Id. Disposition of a motion for voluntary dismissal is within the sound discretion of the court. See In re Diet Drugs (Phentermine/Fenfluramine/Dexfenfluram ine) Products, 85 Fed.Appx. 845, 847 (3rd Cir. 1004) (citing Ferguson v. Eakle, 492 F.2d 26, 28 (3rd Cir.1974)). "[D]ismissals without prejudice generally should be granted by the district court if no prejudicial effects would result for the opposing party." See 9 Wright & Miller § 2364 (2009). "The Third Circuit has characterized its practice for granting or denying Rule 41(a)(2) dismissals as a 'liberal' one." 9 Wright & Miller § 2364 n. 42 (citing In re Paoli R.R. Yard PCB Litigation, 916 F.2d 829, 863 (3rd Cir.1990) (noting that dismissal "should be allowed unless the defendant will suffer some plain legal prejudice other than the mere prospect of a second lawsuit.")).

The Intervenor-Defendants assert that they will suffer prejudice in two ways if the action is dismissed. They first argue that the settlement agreement is unlawful in that it represents an abuse of the Forest Service's discretion. They contend that they will be unable to challenge the legality of the settlement agreement in a subsequent lawsuit without being subjected to additional defenses, including the failure to exhaust administrative remedies. The Intervenor-Defendants also suggest that they will suffer economic harm from the delay that might result from having to challenge the legality of the settlement agreement in a separate lawsuit.

I begin my analysis by noting the well-established principle that federal courts "have neither the authority nor the resources to review and approve the settlement of every case brought in the federal court system." Caplan v. Fellheimer Eichen Braverman & Kaskey, 68 F.3d 828, 835 (3rd Cir. 1995). Such approval is generally restricted to select case categories, such as class actions, shareholder derivative suits and consent decrees. Id. Here, the parties to the settlement have not presented the court with a proposed consent decree or asked that it retain jurisdiction over the settlement agreement. In such situations, "[t]he general rule of law . . . is that settling parties retain the autonomy to fashion their own settlement terms free from the interference of the Court and non-settling parties." Collins v. Coastline Const., 820 F.Supp. 270, 273 (E.D. La.1993) (citing Bass v. Phoenix Seadrill/78, Ltd., 749 F.2d 1154, 1161 n. 11 (5th Cir.1985)).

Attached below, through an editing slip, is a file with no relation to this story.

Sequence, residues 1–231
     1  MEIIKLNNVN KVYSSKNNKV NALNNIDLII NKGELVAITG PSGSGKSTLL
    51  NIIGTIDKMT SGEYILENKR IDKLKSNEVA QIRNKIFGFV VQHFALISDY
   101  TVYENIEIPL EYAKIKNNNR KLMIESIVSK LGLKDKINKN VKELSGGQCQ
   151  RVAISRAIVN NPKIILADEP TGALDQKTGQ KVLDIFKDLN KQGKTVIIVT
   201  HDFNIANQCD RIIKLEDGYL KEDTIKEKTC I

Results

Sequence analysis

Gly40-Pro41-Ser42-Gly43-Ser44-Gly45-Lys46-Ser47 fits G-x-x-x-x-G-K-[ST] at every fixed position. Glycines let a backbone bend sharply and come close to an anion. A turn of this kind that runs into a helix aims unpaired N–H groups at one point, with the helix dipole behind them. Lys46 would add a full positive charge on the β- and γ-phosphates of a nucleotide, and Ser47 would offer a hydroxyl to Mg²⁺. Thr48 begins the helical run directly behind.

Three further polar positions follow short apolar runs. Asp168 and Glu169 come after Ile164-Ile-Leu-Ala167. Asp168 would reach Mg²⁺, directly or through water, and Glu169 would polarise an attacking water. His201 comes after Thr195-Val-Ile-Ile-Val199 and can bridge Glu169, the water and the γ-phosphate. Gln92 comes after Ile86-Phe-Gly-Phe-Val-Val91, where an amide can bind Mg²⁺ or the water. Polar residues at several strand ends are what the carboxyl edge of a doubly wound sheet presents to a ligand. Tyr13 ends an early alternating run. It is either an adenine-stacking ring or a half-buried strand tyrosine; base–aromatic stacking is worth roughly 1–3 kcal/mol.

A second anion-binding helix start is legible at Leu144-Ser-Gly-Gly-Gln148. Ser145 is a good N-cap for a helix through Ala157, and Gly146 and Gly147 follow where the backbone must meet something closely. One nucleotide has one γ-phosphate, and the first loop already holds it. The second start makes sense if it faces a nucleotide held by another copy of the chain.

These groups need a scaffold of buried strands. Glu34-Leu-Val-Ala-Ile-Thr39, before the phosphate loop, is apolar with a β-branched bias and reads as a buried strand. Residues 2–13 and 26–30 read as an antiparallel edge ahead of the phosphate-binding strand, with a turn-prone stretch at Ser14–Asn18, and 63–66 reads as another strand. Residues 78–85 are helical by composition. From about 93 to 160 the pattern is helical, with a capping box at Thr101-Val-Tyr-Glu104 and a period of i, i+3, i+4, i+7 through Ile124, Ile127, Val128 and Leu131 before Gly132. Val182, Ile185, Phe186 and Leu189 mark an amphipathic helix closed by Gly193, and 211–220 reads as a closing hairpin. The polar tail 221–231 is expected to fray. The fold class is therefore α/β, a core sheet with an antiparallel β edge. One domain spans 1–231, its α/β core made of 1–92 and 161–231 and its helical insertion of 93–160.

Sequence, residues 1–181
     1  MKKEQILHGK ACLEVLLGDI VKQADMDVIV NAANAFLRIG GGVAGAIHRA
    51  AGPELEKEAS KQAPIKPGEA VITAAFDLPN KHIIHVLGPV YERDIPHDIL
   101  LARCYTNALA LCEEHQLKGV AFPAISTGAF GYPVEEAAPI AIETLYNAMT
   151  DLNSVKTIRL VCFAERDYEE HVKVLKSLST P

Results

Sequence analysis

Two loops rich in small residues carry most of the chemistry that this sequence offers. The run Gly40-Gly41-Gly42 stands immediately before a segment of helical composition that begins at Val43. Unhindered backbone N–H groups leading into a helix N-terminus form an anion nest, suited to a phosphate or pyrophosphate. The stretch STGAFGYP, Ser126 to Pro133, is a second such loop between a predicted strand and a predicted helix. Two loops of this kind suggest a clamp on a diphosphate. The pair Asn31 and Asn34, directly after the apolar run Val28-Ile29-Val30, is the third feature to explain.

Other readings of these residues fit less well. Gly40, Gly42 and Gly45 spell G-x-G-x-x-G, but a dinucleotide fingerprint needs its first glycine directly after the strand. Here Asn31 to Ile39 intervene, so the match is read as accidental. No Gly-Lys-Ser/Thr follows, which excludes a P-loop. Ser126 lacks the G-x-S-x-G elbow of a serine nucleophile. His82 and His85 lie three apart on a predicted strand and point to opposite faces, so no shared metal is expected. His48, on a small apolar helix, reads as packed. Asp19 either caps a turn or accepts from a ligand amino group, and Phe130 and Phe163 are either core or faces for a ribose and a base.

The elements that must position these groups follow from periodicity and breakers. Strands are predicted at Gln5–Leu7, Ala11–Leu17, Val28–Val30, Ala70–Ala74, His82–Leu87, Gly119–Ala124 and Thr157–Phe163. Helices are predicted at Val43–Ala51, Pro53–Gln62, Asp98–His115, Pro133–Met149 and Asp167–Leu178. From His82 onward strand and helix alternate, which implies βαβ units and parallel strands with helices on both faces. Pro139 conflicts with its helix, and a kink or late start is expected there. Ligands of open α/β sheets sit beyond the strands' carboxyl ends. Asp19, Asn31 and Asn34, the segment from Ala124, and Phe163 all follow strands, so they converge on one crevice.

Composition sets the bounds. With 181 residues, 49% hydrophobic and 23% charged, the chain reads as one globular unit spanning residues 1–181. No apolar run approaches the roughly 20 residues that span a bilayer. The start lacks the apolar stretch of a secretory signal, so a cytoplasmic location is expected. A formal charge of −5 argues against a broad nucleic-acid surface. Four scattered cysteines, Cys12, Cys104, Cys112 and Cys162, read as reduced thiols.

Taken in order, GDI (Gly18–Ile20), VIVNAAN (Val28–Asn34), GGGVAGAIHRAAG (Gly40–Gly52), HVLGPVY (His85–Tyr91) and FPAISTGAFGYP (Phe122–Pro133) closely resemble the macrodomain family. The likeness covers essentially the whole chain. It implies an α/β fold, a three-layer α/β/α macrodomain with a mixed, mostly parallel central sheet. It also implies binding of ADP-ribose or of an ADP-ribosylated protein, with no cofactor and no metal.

In evaluating whether a non-settling party is prejudiced by a proposed settlement in the Rule 41(a)(2) context, it is legal prejudice "from the dismissal of the suit" that we consider, rather than "the alleged illegality of the settlement agreement that motivated the motion." SmithKline Beecham Corp. v. Pentech Pharmaceuticals, Inc., 261 F.Supp.2d 1002, 1006-07 (N.D. Ill. 2003) (emphasis in original). Formal legal prejudice occurs where a non-settling defendant is "strip[ped] of a legal claim or cause of action," Alumax Mill Prods., Inc. v. Congress Fin. Corp., 912 F.2d 996, 1001-02 (8th Cir. 1990), or where the agreement restricts his right to seek indemnification or contribution, Agretti v. ANR Freight Sys., Inc., 982 F.2d 242, 247 (7th Cir. 1992). As such, legal prejudice is most commonly found where the settlement attempts to thwart a specific legal right of the non-settling party, such as "a partial settlement which purports to strip [a non-settling defendant] of a legal claim or cause of action . . .; a settlement that invalidates the contract rights of one not participating in the settlement . . .;[or where] the proposed settlement would eliminate [a non-settling defendant's] right to assert an in pari delicto defense." SmithKline, 261 F.Supp.2d at 1006-07 (citing Waller v. Financial Corp. of America, 828 F.2d 579, 582-83 (9th Cir. 1987)).